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FOOD – AUTISM AND EATING
EATING AND FOOD – A FULL BODY SENSORY EXPERIENCE
Eating is a full-body sensory experience and being autistic it is even more so for me. Food doesn’t just fill my stomach and still my hunger. Smell, taste, feel, texture – eating stimulates all of my senses.
This can be both really awesome and really horrible.
When I eat things I like my entire body is happy. I experience the smell and the taste, I feel the texture. The act of chewing is very stimmy. Familiar tastes are a source of safety, security, and comfort. When I enjoy what I eat I stim happily, I vocalize a lot of happy “Hm!”s and little squeaks my husband has come to cherish as reliable indicators that I am loving my food. Good food relaxes me intensely. I love eating certain foods with my hands (the ones that don’t drip) because I mostly stim by touch and touching food is a very intense sensory experience.
When I eat things I don’t like my entire body is unhappy. Bad smells often save me from having to experience the next step – bad taste. Bad smells, tastes, and textures trigger a reaction in my entire body. My muscles tense up, my stomach revolts, I get nauseated, I might even gag.
If it’s really bad I have to spit out whatever I have in my mouth. I am not ashamed of this anymore and I am not letting anyone force me to eat anything anymore now that I am an adult and have that power. I feel intensely for autistic people who don’t have this autonomy. It’s a torturing experience to have to eat things that assault your entire body.
There are certain things that I cannot eat because they will trigger an immediate sensory overload. Fat on meat is one such thing. The texture and feel in my mouth makes me gag immediately. Coconut and pineapple are also a total no go. Fish is also a huge problem. I also struggle with having things stuck in my teeth. Some days I have trouble swallowing correctly. I also struggle with mushy foods. And I really don’t like different foods touching or even mixed together on my plate.
We all have things we don’t like to eat. Autistic people actually can’t eat certain things because our physical reactions are much stronger than those of non-autistic people. And that’s okay!
I still regularly try new foods because I thoroughly love discovering new favorites. But I don’t force myself to eat things that give me negative reactions. When I try something new I usually smell it first to see if tasting it is actually safe for me. This is often seen as insulting by others but it’s just a necessary step I have to take to protect myself.
MY SENSES ARE HYPERSENSITIVE
I was raised like so many autistic people under the stigma of being a picky eater. I’m not. I just have sensory needs I have to fulfill to stay happy and healthy. So that’s what I do as much as I can.
My senses are more sensitive than those of non-autistic people. And while that causes me a lot of problems it can also be incredibly helpful.
I am usually the first and often the only one able to tell when something is starting to go bad before it becomes a health hazard. I am regularly the only one detecting minuscule smells or tastes.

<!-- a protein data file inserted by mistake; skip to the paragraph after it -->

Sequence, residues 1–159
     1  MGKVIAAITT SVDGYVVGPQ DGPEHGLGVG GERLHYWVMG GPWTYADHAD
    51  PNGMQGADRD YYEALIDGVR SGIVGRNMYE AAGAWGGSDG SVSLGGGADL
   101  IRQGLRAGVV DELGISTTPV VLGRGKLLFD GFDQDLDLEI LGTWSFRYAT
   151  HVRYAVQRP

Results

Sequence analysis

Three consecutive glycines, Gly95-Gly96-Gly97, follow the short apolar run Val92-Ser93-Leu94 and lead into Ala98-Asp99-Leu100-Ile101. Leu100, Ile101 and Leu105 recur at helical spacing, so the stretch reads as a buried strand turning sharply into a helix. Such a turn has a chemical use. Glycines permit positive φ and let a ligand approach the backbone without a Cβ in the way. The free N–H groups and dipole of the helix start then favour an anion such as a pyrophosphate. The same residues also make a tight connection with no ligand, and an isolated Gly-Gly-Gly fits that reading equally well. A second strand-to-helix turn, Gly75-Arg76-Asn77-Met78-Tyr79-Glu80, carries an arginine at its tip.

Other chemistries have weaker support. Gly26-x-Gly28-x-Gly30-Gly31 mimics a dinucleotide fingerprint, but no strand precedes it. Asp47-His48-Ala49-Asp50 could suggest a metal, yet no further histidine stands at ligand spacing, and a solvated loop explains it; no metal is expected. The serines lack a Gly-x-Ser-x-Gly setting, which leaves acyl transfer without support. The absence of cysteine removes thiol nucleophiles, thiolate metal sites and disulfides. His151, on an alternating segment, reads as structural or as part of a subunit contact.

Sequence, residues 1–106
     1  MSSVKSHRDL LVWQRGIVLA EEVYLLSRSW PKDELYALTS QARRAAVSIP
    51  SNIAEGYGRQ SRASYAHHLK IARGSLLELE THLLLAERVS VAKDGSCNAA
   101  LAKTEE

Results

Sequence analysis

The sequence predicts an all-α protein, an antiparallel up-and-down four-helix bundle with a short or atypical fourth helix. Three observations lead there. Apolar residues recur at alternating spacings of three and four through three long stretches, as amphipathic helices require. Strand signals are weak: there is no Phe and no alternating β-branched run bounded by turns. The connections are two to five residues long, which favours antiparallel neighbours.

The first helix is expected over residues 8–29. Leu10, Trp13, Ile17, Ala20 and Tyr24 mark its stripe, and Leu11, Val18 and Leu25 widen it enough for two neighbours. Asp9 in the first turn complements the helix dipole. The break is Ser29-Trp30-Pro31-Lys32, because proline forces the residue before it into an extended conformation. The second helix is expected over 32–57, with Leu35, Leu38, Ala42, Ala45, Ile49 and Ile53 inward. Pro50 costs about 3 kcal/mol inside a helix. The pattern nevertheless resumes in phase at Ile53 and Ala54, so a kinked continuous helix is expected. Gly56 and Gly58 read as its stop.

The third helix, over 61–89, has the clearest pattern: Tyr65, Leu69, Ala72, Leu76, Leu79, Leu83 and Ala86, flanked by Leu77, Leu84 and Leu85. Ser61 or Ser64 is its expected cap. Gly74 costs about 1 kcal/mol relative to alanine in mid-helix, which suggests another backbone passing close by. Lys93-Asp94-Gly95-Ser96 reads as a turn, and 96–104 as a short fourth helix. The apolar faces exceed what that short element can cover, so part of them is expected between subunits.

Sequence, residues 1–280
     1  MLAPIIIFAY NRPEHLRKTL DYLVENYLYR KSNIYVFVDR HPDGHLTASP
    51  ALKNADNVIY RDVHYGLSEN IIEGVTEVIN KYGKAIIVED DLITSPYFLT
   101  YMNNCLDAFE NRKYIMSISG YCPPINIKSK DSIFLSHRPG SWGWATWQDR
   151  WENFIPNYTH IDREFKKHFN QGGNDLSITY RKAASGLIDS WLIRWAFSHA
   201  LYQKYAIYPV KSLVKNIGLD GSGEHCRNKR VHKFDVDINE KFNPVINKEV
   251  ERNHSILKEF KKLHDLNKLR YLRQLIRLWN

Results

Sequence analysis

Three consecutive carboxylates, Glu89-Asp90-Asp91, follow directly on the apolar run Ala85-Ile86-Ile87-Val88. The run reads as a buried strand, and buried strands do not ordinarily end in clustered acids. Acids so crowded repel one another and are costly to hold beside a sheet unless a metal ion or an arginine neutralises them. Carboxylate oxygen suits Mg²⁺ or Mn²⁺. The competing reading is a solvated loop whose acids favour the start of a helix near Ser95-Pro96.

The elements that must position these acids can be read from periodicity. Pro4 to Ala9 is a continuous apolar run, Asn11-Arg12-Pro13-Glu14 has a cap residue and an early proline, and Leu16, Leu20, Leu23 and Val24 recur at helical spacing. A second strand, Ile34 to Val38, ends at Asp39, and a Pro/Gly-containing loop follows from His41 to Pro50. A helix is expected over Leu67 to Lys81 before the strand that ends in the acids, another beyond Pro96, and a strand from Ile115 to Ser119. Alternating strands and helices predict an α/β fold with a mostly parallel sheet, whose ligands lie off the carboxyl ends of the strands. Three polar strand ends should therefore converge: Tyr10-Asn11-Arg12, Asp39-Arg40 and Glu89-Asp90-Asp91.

Like the 0.1% coconut, I smelled in the yogurt that didn’t say “With Coconut” on the label. I had to find it in the ingredient list to prove it to my family.
Like the milk that has gone bad, I smelled while the rest of my family had to actually take a sip to taste it.
Like the hint of hazelnut in the chocolate chip ice cream, I tasted that wasn’t indicated on the label. Again I had to find it in the ingredient list to prove it to my family.
Like the fact that my husband burnt my soup which I smelled even though he tried to hide it from me.
Like every time someone only slightly changes a known recipe.
I can trust my smell and taste. So I do!
EATING AS RITUAL
Rituals and routines play a big role in most autistic people’s lives. I am no exception there. And because eating is such a big part of life and has such big effects on my entire body it also becomes a part of my rituals.
I don’t share all of my rituals with others because over the course of my life they have been so pathologized by “professionals” who tried to convince me they made me inflexible and were disordered. But I will share one concerning food with you here.
I eat the same thing for breakfast and dinner for months at a time. I prepare and eat it the exact same way every time. This ritual is a big part of my morning and evening routines.
A lot of my rituals surround what food I eat, when I eat it, how I prepare it, and how I eat it. This ensures I actually eat as well as it offers security through sameness and predictability in a chaotic world.
EATING IS COMPLICATED
Besides the sensory challenges, the simple fact of eating at all is also something that presents a problem for me. Why? Because of my Executive Dysfunction.
Executive Dysfunction makes it difficult for me to remember to eat. Even more difficult is remembering and managing to prepare food in time for me to eat it when I need it. I often only remember to eat when I am already dizzy or have a headache because I didn’t eat on time.
Another incredibly difficult task that requires a lot of Executive Functioning I don’t have is meal planning, grocery shopping, and meal preparation. It’s something I currently cannot do so I rely on ready-made meals or other people cooking for me.
Ultimately my relationship with food comes down to this:
I have to eat. So I try to make it an as easy and as enjoyable experience as I can.
Here are some other autistic perspectives on food and eating:
SARA from SEEKING SARA
ALYSSA from YES, THAT TOO
- CO-OCCURRING CONDITIONS
- PUBLIC STATEMENTS
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